Well, sort of. At the very least, this is inspired by some of the discussion about Matt Cain that I read over the off season, including various interesting posts about possible ways to explain Cain's exceptional BABIP and HR/FB. Many comments about the great Matt Cain FIP debate argued that after more than 1000 innings pitched in the big leagues, Cain's ERA ought to be closer to his FIP if FIP really described his true ability.
I've never seen anyone test that argument quantitatively (though I have not read exhaustively, so I will not be too surprised if the first response to this is a link to somewhere it was done better), so I set out to do that. My method was fairly simple. I went to fangraphs, downloaded a table with stats for all pitchers since 1920 (I chose to only look at the live ball era, perhaps arbitrarily), and from that table, selected all pitchers with at least 1000 IP in their career, which came to a total of 877 pitchers. Then, I just took the difference between ERA and FIP for each of those pitchers, and found the cumulative distribution function of this difference.
I started with an eyeball test. I plotted the cumulative distribution, and then plot a fit to the distribution assuming it was normal. It looks pretty good to me, but you can judge for yourself. The fit parameters I found were a mean difference between FIP and ERA of -0.04 and a standard deviation of 0.24. There are about as many pitchers with career ERA - FIP that are one standard deviation below and above the mean as would be expected for a normal distribution (~1/6 above and 1/6 below).
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To more formally test the null hypothesis that this distribution is normally distributed, I used the Anderson-Darling test, which is a special case of the Kolmogorov-Smirnov test. The Anderson-Darling test compares the test "statistic" to a table of significance values. If the test statistic is larger than the number associated with a given significance level, you can reject the null hypothesis of normality at that significance. The result I found was that the difference between FIP and ERA being normally distributed cannot be ruled out. (For those interested in the numbers, the test statistic was 0.39, and the test statistic was 0.57 for a p-value of 0.15. That p-value corresponds to a 15% likelihood of the normal distribution being able to produce the distribution of the difference between FIP and ERA being, and since the test statistic for the difference distribution is smaller, that means a normal distribution is even harder to rule out.)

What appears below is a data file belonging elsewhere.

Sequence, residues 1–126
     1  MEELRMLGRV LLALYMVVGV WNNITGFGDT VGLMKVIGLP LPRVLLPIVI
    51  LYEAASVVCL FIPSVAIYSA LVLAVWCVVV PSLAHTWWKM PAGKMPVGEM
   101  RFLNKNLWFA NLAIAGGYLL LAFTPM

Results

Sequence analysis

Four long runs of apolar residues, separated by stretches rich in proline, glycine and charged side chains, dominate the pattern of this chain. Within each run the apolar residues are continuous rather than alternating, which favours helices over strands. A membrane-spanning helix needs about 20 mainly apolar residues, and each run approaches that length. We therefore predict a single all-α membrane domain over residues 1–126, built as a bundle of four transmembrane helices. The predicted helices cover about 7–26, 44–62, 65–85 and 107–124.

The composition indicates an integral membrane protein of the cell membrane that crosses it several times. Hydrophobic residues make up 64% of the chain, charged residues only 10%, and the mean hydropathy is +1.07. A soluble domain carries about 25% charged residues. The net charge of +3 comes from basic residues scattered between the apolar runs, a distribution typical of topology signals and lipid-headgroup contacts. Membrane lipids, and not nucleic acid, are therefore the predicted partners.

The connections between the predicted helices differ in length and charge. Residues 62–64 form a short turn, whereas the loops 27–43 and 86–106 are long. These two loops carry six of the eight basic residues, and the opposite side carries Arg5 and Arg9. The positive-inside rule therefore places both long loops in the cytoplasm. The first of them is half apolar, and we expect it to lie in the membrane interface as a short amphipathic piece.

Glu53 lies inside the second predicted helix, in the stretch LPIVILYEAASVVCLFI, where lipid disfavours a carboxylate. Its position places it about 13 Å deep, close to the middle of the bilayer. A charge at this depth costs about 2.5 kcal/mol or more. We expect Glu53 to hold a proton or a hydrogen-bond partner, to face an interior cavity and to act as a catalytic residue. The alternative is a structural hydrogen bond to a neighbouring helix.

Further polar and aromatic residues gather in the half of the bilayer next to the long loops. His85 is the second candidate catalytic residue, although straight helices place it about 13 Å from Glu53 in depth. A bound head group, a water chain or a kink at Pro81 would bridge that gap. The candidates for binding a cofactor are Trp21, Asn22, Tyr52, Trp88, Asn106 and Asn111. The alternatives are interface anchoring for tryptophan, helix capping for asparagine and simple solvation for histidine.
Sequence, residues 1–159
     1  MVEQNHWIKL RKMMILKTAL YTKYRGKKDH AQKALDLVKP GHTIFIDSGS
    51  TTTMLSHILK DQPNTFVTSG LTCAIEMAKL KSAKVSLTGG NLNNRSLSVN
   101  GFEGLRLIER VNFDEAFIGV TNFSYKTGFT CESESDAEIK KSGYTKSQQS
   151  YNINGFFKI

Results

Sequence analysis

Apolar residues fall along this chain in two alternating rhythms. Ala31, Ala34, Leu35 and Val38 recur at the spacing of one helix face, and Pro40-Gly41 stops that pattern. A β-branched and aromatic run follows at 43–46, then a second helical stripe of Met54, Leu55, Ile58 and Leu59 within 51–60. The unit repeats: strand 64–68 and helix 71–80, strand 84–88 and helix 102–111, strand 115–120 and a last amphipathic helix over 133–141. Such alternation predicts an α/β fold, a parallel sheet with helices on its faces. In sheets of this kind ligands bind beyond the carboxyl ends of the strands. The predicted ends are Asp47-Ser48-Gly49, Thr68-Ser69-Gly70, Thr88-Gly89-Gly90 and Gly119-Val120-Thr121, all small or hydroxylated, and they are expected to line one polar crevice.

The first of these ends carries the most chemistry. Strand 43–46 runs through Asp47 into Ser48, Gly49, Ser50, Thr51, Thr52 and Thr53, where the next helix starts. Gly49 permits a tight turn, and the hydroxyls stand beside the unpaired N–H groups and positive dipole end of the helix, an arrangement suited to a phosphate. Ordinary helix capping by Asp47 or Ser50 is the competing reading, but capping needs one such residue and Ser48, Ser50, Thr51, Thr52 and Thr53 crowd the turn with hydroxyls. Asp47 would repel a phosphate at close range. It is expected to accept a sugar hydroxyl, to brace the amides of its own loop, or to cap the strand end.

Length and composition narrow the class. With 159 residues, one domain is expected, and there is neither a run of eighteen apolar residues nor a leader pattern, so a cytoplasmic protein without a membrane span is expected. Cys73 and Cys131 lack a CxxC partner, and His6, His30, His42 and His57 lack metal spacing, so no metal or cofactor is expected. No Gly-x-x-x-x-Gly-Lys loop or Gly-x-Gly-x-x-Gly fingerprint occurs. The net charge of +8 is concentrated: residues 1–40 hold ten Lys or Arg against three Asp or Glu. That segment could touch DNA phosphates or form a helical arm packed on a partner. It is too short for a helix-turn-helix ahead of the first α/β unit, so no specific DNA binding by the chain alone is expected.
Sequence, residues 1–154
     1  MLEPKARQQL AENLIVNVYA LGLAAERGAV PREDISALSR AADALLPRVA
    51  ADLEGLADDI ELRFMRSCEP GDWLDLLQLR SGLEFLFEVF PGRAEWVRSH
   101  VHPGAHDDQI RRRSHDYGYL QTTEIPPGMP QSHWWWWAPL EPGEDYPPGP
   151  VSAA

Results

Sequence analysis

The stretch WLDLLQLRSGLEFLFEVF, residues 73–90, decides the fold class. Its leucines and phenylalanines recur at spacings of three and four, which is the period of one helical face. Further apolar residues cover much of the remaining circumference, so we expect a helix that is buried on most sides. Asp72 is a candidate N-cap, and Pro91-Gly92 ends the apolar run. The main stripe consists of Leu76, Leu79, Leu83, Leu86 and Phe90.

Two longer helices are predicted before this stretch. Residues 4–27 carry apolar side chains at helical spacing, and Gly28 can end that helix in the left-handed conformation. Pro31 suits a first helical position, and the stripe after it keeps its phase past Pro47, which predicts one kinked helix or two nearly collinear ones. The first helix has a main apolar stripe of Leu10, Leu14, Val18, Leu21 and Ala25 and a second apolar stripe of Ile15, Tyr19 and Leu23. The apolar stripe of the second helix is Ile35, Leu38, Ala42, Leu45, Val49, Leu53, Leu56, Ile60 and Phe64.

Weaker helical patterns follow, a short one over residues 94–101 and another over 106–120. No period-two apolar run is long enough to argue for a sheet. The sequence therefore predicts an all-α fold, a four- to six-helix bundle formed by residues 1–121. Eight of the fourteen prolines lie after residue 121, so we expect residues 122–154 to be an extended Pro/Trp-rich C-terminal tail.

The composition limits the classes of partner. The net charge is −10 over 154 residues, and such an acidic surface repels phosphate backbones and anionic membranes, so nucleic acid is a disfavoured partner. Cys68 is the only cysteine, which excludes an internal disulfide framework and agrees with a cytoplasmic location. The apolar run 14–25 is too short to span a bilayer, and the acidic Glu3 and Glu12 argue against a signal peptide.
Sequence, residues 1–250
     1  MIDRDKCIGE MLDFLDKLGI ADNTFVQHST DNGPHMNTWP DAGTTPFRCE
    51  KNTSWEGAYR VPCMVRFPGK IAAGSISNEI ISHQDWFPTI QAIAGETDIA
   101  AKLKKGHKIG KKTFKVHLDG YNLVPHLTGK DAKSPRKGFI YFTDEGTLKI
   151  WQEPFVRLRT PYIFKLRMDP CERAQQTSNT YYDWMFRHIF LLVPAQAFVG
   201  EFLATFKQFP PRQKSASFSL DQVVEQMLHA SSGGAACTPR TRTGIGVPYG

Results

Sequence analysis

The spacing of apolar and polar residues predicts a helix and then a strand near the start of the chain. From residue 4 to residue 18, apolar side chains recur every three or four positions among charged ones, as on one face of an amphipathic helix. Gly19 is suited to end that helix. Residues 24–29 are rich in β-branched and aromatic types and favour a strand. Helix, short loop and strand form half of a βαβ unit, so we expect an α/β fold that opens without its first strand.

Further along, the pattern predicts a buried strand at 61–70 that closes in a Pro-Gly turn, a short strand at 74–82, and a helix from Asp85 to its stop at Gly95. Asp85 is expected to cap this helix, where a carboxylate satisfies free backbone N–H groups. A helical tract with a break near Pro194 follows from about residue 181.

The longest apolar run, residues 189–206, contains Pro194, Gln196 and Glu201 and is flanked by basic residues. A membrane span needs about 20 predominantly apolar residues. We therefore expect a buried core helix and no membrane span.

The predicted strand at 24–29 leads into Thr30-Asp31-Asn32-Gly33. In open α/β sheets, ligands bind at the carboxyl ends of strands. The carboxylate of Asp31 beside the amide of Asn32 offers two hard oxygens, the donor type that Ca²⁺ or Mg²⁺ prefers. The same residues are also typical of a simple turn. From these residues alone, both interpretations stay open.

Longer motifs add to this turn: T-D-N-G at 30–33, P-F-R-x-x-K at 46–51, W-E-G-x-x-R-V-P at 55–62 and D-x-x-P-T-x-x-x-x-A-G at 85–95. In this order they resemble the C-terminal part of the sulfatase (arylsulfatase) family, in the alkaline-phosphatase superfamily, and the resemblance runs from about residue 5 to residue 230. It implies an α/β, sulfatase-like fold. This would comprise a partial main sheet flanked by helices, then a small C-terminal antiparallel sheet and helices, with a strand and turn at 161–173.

It is very important to note that this does not say anything meaningful about whether there is a skill underlying differences between FIP and ERA. Just because the distribution is not inconsistent with the normal distribution does not mean that it has to be produced by random chance. It does mean though that in spite of having pitched 1000 innings, it is entirely possible that Matt Cain's career ERA is 0.39 below his FIP due to chance.
One possible improvement to this analysis is accounting for differences between innings pitched. The standard deviation of the difference between FIP and ERA does decrease as the IP threshold increases. Another possible improvement would be a more appropriate statistical test for this set of data. I happened to choose this one because I had used it before, but it may be that there are better choices.
Random notes: Among pitchers with at least 1000 IP, Ryan Franklin is the owner of the largest outperformance of FIP, with an ERA of 4.03 and a FIP 0f 4.78. Len Barker had the biggest difference in the other direction, with an ERA of 4.34 and a FIP of 3.4.
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